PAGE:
We Remember: Sister Paulita Bittner

  "I was in prison and you visited me.” (Matthew 25:36)

By Abby Blaes, Communications Intern

Sister Paulita Bittner taught in first, second, and third grade classrooms for 44 years and worked as a school secretary for seven. She found these roles to be gratifying and enriching. However, it wasn’t until after her retirement that she discovered her life's calling: prison ministry. 

The first place she felt her calling was in reading a book titled God Goes to Murderer’s Row, about an individual who had been sentenced to die after committing severe crimes and his conversion to Catholicism. This story sparked S. Paulita’s interest and consuming compassion for these individuals. In 1977, S. Paulita began visiting the local jail in Marquette, Michigan. She spent five days a week there, giving religious guidance to the inmates and generally being present for them. S. Paulita brought communion to Catholic inmates and organized weekly services for them. She also personally recruited and coordinated a group of 25 volunteers to provide similar services.

More than these tasks, she built real relationships with these people she served. Throughout her time volunteering in the prison, she got to know these individuals very well and valued her time with them greatly. “My primary love has been prison and jail ministry, which is closely related to the teaching gifts God has given me,” she said. “Through it all, I marvel at the working of God’s grace in these men who are often abandoned by society.”

In 1991, S. Paulita retired from her ministry work at Marquette County jail. She wrote in a letter to those she had built bonds with, "Ours has been a close friendship, but you and I know that nothing in this life can last forever. However, I feel that we are bound together in the Lord with ties that cannot be broken as long as we are faithful to Him, and you will always be in my prayers. You do not know how much your friendship has meant to me."

She was recognized for her good work in many ways. The U.P. Catholic Newspaper of Marquette wrote two pieces on S. Paulita’s retirement and the impact that she had on the individuals she had served. In one article written by Ken Wasko, it was detailed how she was able to grow the prison’s ministry and volunteer programs. She herself recruited 25 individuals to minister to the prison. In addition, six priests were recruited to work with the volunteers to keep the program strong.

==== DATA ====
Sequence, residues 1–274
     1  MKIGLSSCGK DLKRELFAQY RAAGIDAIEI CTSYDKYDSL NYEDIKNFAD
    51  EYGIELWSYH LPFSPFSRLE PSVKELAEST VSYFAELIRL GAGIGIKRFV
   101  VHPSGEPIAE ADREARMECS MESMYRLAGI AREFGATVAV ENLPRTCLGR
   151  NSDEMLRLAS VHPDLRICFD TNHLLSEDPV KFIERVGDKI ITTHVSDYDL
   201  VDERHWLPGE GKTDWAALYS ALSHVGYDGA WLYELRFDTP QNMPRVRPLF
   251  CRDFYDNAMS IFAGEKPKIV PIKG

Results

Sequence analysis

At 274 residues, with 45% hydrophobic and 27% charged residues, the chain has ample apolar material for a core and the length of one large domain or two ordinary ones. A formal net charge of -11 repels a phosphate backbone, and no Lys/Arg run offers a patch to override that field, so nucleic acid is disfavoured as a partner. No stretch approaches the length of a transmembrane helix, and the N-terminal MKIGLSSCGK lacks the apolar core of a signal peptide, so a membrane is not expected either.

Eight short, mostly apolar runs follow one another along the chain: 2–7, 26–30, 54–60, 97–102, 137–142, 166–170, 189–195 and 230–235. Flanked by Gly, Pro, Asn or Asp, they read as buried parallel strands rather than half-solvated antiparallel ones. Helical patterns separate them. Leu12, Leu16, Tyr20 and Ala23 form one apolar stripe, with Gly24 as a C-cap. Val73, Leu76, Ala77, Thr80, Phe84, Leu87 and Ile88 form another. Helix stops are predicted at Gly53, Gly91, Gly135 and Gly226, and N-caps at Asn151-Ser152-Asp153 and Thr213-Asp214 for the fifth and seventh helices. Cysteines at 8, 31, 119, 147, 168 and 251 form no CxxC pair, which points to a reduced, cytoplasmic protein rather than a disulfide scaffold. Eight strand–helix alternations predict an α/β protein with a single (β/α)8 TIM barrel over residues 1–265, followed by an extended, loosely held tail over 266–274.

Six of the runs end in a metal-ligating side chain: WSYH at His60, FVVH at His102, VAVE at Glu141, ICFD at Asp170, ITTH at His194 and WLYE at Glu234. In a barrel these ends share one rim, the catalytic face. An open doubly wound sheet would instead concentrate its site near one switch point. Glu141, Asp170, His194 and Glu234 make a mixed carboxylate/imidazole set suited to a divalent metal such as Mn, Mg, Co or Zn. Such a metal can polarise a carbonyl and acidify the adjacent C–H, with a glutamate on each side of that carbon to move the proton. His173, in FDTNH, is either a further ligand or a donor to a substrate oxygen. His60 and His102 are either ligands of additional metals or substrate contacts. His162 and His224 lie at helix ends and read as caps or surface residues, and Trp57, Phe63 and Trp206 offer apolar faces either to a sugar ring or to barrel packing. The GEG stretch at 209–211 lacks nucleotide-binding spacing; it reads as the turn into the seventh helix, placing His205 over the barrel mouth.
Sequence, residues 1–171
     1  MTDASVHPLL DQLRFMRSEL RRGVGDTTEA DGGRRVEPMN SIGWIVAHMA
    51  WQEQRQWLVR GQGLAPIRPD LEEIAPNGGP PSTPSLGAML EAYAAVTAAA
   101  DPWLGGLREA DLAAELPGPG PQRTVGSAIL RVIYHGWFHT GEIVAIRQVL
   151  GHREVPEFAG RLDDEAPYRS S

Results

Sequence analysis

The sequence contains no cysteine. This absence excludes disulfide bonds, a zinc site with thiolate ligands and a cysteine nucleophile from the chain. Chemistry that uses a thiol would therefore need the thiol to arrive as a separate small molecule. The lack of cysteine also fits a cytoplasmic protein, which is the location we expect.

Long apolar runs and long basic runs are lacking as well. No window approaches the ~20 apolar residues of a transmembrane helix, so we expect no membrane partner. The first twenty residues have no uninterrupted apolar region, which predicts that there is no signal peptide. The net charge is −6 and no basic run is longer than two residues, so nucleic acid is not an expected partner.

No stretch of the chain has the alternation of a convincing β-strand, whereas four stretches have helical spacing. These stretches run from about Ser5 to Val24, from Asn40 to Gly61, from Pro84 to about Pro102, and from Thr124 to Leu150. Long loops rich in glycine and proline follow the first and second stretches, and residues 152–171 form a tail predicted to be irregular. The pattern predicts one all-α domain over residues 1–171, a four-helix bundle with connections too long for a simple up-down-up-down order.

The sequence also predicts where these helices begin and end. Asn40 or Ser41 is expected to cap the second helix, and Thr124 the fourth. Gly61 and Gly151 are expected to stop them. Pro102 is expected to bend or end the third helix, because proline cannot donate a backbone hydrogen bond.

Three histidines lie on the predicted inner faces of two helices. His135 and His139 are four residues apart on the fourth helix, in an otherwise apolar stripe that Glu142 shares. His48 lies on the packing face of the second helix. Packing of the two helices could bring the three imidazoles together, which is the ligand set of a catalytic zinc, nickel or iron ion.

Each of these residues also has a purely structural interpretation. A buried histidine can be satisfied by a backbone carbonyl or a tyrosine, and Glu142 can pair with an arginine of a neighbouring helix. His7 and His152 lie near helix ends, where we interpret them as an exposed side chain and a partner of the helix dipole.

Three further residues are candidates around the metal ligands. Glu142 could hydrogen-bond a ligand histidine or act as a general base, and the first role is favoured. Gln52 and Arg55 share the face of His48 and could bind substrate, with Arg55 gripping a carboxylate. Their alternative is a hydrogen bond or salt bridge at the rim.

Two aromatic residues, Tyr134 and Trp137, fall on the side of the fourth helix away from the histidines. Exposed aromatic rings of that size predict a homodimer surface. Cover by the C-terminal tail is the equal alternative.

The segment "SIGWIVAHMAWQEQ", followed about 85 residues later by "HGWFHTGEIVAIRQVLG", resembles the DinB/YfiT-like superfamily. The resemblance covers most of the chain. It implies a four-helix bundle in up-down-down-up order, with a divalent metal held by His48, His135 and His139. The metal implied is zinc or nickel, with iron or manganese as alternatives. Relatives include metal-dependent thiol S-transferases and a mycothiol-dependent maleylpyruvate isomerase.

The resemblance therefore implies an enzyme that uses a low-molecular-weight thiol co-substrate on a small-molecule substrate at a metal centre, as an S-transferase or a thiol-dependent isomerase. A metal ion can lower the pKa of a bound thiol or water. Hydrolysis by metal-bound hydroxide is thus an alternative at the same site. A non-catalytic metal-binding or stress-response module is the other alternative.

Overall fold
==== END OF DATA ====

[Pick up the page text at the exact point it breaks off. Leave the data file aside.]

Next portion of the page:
S. Paulita worked so that her hard work would endure long after her retirement. Her hard work did not go unnoticed. Edward Carlton, an inmate at the time, stated that S. Paulita helped motivate him to strengthen his faith. “She’s been a truly wonderful person … instrumental in helping me to grow in my faith. I’m going to miss her,” he said in the previously mentioned article.

The assistant deputy warden also wrote a letter to Sister Donna Gunn, the provincial superior at the time, expressing his gratitude and appreciation for Sr. Bittner’s work.  He stated:

The impact that S. Paulita has had upon the prisoners with whom she established her bond of friendship may never be known. I am convinced, however, that the help, understanding, caring and spiritual support she rendered to those individuals had a positive effect on our institutional goal of maintaining a safe, secure and healthy environment for the countless thousands of prisoners who have passed through our doors during these past 20 years.

S. Paulita remained in contact with her friends at Marquette County jail as long as she was able. She passed away on December 15, 1999. Her work with these individuals will be recognized for years to come. As stated by the assistant deputy warden: “The example that S. Paulita set for us will be long remembered.”

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